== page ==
Posted by: Matthew Molinari | June 30, 2012

Managing Change


Please take a look at my latest video blog if you have some time. I’ve been reading a book called The New Supply Chain Agenda which talks about the 5 key steps that help to drive value in your supply chain. Then earlier today, I found this article about a 90,000 square foot house that was built in Florida and I couldn’t help but think about the 5th step from the book.

The article details how the house was being built by David Siegel and is the largest house in America. At first, it seemed like a fluff piece talking about the extravagance of the owners but then the piece takes an interesting turn. Siegel is in the real estate business and was in the middle of building the house in 2008 when everything collapsed. Now, the house sits unfinished as Siegel’s company is pretty much run by the banks he had loans with.

The most interesting part to me was Siegel’s reason for building the house – “because we could”. If ever there was a philosophy to avoid in the supply chain that would be it. I mentioned the 5 steps from the book and they are:

1) Hire the right talent

2) Select the appropriate technology

3) Collaborate internally

4) Collaborate externally

5) Manage change in the supply chain

You may notice that each step builds on the one before it. You can’t hope to manage change if you haven’t done the first four steps successfully. Siegel is a perfect example of this. You simply cannot manage your supply chain as if the inherent risks do not exist simply because they aren’t effecting your business right now.

In fact, I would argue that when things are going the smoothest is when you need to be the most alert for potential problems. The one thing you don’t want is to assume that current conditions are going to continue forever and make plans based on that assumption. That is how you end up with a 90,000 square foot unfinished house with $4 million of marble sitting in the garage.

All businesses should realize that there are peaks and valleys that are constantly emerging as time passes. The key to successfully navigating your supply chain through the valleys is planning for them while you are enjoying the view from the top.

Posted by: Matthew Molinari | June 29, 2012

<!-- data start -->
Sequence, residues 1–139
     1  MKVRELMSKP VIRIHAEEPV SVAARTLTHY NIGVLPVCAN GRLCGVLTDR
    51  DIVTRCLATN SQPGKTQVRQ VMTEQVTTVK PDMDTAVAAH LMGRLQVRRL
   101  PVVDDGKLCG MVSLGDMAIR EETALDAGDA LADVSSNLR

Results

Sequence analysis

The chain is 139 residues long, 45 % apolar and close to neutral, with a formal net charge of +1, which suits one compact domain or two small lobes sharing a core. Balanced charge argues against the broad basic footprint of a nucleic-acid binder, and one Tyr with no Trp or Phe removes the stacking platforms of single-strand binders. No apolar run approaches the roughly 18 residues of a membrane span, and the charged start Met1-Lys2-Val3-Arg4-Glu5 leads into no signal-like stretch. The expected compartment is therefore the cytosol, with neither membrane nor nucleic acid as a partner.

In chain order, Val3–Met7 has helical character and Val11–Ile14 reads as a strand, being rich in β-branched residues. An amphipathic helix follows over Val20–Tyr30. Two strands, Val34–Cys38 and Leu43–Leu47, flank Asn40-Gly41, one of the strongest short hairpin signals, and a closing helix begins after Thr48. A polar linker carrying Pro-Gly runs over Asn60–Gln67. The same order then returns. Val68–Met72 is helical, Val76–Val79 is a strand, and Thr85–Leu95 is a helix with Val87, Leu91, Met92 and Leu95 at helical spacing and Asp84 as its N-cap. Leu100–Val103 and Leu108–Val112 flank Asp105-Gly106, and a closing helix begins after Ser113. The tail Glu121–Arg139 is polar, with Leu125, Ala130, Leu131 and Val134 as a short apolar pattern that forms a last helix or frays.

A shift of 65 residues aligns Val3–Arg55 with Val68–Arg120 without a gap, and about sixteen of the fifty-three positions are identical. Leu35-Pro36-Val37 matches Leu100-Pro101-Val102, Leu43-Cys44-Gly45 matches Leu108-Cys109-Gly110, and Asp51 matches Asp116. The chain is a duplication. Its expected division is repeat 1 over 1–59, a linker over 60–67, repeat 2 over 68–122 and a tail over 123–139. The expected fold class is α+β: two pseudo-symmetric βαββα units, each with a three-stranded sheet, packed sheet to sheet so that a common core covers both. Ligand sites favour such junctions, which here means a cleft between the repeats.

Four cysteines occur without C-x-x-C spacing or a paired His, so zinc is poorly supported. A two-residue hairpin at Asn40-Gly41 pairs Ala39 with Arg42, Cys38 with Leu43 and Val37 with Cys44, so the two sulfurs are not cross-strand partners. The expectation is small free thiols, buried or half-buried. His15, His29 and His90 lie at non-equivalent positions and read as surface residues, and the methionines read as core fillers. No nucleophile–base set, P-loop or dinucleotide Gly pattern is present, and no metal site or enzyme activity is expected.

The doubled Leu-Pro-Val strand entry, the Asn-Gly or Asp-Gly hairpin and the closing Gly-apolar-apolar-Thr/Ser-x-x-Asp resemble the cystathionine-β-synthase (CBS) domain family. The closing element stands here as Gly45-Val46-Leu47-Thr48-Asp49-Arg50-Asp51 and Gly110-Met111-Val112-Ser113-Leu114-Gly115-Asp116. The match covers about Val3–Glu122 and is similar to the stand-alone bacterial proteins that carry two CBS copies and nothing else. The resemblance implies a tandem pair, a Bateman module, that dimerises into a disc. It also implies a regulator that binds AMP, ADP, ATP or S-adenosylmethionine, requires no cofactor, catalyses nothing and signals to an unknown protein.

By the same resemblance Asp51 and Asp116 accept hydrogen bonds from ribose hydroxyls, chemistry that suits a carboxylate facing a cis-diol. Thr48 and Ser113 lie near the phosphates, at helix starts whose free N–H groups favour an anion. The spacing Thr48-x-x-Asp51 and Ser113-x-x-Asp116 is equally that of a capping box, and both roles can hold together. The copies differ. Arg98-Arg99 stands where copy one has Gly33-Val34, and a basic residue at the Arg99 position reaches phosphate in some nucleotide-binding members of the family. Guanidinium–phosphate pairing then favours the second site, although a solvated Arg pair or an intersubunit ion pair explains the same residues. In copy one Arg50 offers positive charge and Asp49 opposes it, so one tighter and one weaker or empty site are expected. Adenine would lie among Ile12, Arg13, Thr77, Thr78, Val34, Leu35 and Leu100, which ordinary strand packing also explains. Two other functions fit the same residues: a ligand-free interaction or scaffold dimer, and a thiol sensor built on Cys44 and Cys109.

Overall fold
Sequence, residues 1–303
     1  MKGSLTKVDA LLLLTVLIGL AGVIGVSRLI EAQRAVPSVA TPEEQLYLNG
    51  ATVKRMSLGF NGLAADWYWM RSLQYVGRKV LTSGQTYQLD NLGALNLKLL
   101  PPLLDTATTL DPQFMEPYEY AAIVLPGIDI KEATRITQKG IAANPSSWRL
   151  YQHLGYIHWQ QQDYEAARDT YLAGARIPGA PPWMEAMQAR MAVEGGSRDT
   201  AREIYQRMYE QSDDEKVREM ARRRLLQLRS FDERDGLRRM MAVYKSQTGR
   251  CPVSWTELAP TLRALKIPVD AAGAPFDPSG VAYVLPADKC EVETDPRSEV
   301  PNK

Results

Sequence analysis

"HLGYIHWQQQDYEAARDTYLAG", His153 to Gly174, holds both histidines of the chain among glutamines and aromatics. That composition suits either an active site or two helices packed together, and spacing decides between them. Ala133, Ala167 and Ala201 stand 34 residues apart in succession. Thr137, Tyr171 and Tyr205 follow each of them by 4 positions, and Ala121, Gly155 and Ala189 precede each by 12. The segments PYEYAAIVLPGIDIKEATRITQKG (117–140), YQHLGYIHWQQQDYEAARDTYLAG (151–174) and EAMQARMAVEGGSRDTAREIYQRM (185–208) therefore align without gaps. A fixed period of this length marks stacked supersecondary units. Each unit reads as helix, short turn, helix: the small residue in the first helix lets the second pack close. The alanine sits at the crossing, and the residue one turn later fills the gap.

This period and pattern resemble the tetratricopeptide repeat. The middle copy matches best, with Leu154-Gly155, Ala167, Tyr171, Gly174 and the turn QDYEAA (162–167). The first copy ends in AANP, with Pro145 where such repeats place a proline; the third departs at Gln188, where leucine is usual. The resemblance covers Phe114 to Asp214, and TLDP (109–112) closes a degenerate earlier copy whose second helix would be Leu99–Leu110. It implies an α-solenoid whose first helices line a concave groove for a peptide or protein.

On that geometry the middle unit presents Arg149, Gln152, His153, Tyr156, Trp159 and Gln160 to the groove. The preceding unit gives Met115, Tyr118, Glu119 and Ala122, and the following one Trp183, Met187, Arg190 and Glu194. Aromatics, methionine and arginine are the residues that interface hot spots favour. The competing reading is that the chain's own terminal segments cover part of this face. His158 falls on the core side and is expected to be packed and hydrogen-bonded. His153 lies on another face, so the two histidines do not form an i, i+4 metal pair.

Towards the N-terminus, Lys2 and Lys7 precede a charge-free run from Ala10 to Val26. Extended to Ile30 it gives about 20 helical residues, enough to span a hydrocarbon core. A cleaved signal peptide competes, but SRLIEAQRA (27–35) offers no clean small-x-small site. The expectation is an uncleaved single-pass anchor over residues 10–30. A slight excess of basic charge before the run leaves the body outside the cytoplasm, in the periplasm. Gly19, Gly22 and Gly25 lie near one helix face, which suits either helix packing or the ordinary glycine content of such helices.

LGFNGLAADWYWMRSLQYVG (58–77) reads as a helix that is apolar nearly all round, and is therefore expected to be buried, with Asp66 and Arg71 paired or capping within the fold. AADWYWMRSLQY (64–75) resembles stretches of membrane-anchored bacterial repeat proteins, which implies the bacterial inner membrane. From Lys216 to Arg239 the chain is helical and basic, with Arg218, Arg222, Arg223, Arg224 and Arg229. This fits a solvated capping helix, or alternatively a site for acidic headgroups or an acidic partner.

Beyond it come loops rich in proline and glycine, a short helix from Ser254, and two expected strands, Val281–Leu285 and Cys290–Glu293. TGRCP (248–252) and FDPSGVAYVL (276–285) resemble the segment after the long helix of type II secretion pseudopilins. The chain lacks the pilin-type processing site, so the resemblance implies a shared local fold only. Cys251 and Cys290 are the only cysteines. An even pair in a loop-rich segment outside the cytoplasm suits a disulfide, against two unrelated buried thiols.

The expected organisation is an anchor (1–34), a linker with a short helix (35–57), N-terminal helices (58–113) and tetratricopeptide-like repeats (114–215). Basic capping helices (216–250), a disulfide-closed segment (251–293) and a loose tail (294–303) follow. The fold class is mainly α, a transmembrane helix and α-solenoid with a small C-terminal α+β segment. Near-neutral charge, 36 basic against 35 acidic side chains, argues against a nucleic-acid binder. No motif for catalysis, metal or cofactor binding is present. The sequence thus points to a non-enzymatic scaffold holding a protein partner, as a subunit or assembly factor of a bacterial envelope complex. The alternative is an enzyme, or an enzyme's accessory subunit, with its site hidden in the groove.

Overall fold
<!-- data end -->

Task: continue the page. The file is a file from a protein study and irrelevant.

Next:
Sustainability and the Supply Chain

Please check out my video blog above. In it I talk about a very interesting idea that I heard about from a classmate. The issue revolved around the shipping containers the company used which were made of styrofoam. Now, unless you’ve been living under a rock for the last 20 years you’ve probably heard that styrofoam isn’t exactly biodegradable.

Unfortunately, this company doesn’t have a current viable alternative to shipping using styrofoam. What they did come up with was a very interesting and inventive alternative. The business made a decision that they were not comfortable allowing customers to simply throw away the packaging after each order. However, asking a customer to spend time and money to send back an empty container or to have them locate proper recycling locations was not working.

The business took the initiative, and cost, to print and pay for return shipping labels so that the customers could simply attach the label and have their UPS or Fed Ex pick up the package free of charge. The labels were all pre-paid and addressed to a recycling plant in Reno that was equipped to properly dispose of styrofoam.

I thought this was a perfect example of a company performing a product life cycle review and determining that the impact was too high. I can assure you that doing nothing would have been much more cost-effective, and completely legal, but sustainability was important enough  that something was done about it.

Oh yea, I mentioned some good blogs about sustainable supply chains in the video so here they are (at least the ones I read regularly). Check them out when you get a chance, they are worth a read:

Posted by: Matthew Molinari | June 24, 2012

Scheduling and Planning


Over the past two months I have found myself feeling a little overwhelmed with my academic calendar for the summer. I am trying to wrap up my MBA while also studying for my CPA exam. I spent a couple of hours today reworking a schedule that I set up to keep track of all of my assignments and expected test dates.